Why Does Windows Still Suck?


stoid

macrumors 601
I particularily like the analogy to cars. Or any product for that matter! What the hell makes a PC so special that it can malfunction 15 minutes out of the box, and the consumer won't care?!? Microsoft has produced ********* and passed it off as the gold standard in computing experience.
 

bousozoku

Moderator emeritus
Jun 25, 2002
13,951
3
Gone but not forgotten.
He seemed to be pointing his finger at a few companies there. Good for him. :D

That reminded me of the USA Today computer test where the Windows XP machine was compromised in 4 minutes. Uggggh. Who would live with that if they didn't need something Windows-specific?

Except for Virtual PC, I'm still Windows-free. I'm not proud, merely satisfied to be away from the headaches.
 

clayj

macrumors 604
Jan 14, 2005
7,473
180
visiting from downstream
It seems to me that the author of this article has made a few vital omissions... either unwittingly or on purpose.

First, he fails to vent his rage at the creators of worms, Trojans, viruses, etc. Such programs are not a natural occurrence of the Internet; they were purposely written by miscreants who deserve (in my opinion) to be taken out and shot in the head. He should turn some of his anger in the direction of those who create such programs.

Second, he fails to mention the fact that his SO was operating without the benefit of a firewall, which I think EVERYONE here would admit is a stupid thing to do. Any halfway-decent firewall, either hardware- or software-based, would stop this problem in its tracks.

Finally, he fails to mention the #1 reason there are no worms, Trojans, viruses, etc. on the Mac platform; its relatively miniscule market share. If the tables were reversed, or if the Mac even had 30% market share, a lot of those miscreant programmers would turn their attention to the Mac. And if you think that the Mac is inherently immune to such programs, think again. No operating system is immune; all it takes is a clever programmer who knows how to find vulnerabilities. Every OS has them.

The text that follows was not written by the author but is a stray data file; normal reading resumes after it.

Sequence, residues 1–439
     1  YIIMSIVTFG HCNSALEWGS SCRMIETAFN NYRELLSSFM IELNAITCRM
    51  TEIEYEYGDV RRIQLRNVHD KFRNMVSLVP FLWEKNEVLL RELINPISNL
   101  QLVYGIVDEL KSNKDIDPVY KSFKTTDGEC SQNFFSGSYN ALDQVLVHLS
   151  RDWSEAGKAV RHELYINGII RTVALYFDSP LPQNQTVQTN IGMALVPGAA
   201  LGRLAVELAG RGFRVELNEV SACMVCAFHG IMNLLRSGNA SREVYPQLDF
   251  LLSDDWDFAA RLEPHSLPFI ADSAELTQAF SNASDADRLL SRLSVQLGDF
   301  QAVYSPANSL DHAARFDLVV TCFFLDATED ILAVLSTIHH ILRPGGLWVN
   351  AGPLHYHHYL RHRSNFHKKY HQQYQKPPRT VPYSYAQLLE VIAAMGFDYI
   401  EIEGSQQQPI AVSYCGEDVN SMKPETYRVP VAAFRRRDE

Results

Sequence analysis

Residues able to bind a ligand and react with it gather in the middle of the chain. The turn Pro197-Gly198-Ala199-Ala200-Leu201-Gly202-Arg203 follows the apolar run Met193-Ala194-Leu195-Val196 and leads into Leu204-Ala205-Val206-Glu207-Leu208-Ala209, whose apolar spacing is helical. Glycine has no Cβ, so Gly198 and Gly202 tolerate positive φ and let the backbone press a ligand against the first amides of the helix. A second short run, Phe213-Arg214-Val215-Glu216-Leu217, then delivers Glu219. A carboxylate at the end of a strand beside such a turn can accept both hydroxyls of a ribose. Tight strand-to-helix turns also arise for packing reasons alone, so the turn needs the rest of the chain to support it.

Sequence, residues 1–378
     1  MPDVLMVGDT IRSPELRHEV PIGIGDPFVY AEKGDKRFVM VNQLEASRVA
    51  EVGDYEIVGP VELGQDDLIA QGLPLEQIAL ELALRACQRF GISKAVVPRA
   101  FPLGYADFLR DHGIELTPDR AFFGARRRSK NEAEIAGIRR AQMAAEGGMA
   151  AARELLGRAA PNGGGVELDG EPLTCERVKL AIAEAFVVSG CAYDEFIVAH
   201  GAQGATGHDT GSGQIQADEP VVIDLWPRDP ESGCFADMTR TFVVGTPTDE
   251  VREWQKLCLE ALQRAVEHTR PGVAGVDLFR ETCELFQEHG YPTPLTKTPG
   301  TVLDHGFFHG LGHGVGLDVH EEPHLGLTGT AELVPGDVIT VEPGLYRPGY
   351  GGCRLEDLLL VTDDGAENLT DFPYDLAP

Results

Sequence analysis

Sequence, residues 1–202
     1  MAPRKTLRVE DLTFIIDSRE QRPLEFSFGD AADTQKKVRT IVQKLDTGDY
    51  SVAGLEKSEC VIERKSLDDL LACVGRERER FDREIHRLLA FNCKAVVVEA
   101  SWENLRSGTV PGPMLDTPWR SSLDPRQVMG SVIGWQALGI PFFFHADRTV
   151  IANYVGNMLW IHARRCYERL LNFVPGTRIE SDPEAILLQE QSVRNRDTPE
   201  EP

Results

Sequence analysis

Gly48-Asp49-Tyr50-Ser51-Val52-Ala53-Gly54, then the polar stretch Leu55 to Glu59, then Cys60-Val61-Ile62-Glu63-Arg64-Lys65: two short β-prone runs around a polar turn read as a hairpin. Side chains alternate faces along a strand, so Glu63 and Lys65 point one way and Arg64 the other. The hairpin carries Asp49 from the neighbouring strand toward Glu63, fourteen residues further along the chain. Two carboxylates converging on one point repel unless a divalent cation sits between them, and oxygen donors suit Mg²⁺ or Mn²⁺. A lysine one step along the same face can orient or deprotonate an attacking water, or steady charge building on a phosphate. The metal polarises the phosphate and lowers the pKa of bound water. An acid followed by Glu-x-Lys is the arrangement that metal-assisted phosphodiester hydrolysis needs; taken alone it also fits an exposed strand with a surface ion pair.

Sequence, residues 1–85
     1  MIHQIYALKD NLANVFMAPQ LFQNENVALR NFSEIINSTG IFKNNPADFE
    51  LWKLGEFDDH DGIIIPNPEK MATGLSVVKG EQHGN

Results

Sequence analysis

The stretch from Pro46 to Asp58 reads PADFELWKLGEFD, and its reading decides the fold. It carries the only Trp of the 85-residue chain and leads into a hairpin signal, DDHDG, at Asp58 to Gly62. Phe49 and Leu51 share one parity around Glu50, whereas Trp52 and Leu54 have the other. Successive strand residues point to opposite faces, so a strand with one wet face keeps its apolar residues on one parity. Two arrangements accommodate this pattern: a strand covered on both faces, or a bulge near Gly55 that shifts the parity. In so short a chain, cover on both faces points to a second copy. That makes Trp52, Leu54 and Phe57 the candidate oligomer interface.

NinjaMonkey

macrumors regular
Nov 19, 2003
242
2
Maryland
clayjohanson said:
Finally, he fails to mention the #1 reason there are no worms, Trojans, viruses, etc. on the Mac platform; its relatively miniscule market share. If the tables were reversed, or if the Mac even had 30% market share, a lot of those miscreant programmers would turn their attention to the Mac. And if you think that the Mac is inherently immune to such programs, think again. No operating system is immune; all it takes is a clever programmer who knows how to find vulnerabilities. Every OS has them.
Did you read the article, he clearly states this. He also goes on to say (which is true by the way) that the way OS X is built, is inherently more secure than Windows.
 

clayj

macrumors 604
Jan 14, 2005
7,473
180
visiting from downstream
NinjaMonkey said:
Did you read the article, he clearly states this. He also goes on to say (which is true by the way) that the way OS X is built, is inherently more secure than Windows.
You're right, I missed that part. But the point is still valid; were the situation to be reversed, there WOULD be a lot more viruses, Trojans, worms, etc. on the Mac. There ARE viruses for the Mac; otherwise, why would Norton sell an anti-virus package for the Mac?

I guess my point is, be careful what you wish for. Increased market share will bring with it increased threats by malware.
 

stoid

macrumors 601
clayjohanson said:
It seems to me that the author of this article has made a few vital omissions... either unwittingly or on purpose.

First, he fails to vent his rage at the creators of worms, Trojans, viruses, etc. Such programs are not a natural occurrence of the Internet; they were purposely written by miscreants who deserve (in my opinion) to be taken out and shot in the head. He should turn some of his anger in the direction of those who create such programs.

Second, he fails to mention the fact that his SO was operating without the benefit of a firewall, which I think EVERYONE here would admit is a stupid thing to do. Any halfway-decent firewall, either hardware- or software-based, would stop this problem in its tracks.